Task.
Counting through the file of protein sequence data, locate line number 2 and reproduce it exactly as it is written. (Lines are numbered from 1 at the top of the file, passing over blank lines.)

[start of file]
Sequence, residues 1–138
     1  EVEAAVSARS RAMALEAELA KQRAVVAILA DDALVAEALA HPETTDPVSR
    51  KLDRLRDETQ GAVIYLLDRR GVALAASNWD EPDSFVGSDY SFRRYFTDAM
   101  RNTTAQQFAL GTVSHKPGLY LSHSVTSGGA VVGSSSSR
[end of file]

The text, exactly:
     1  EVEAAVSARS RAMALEAELA KQRAVVAILA DDALVAEALA HPETTDPVSR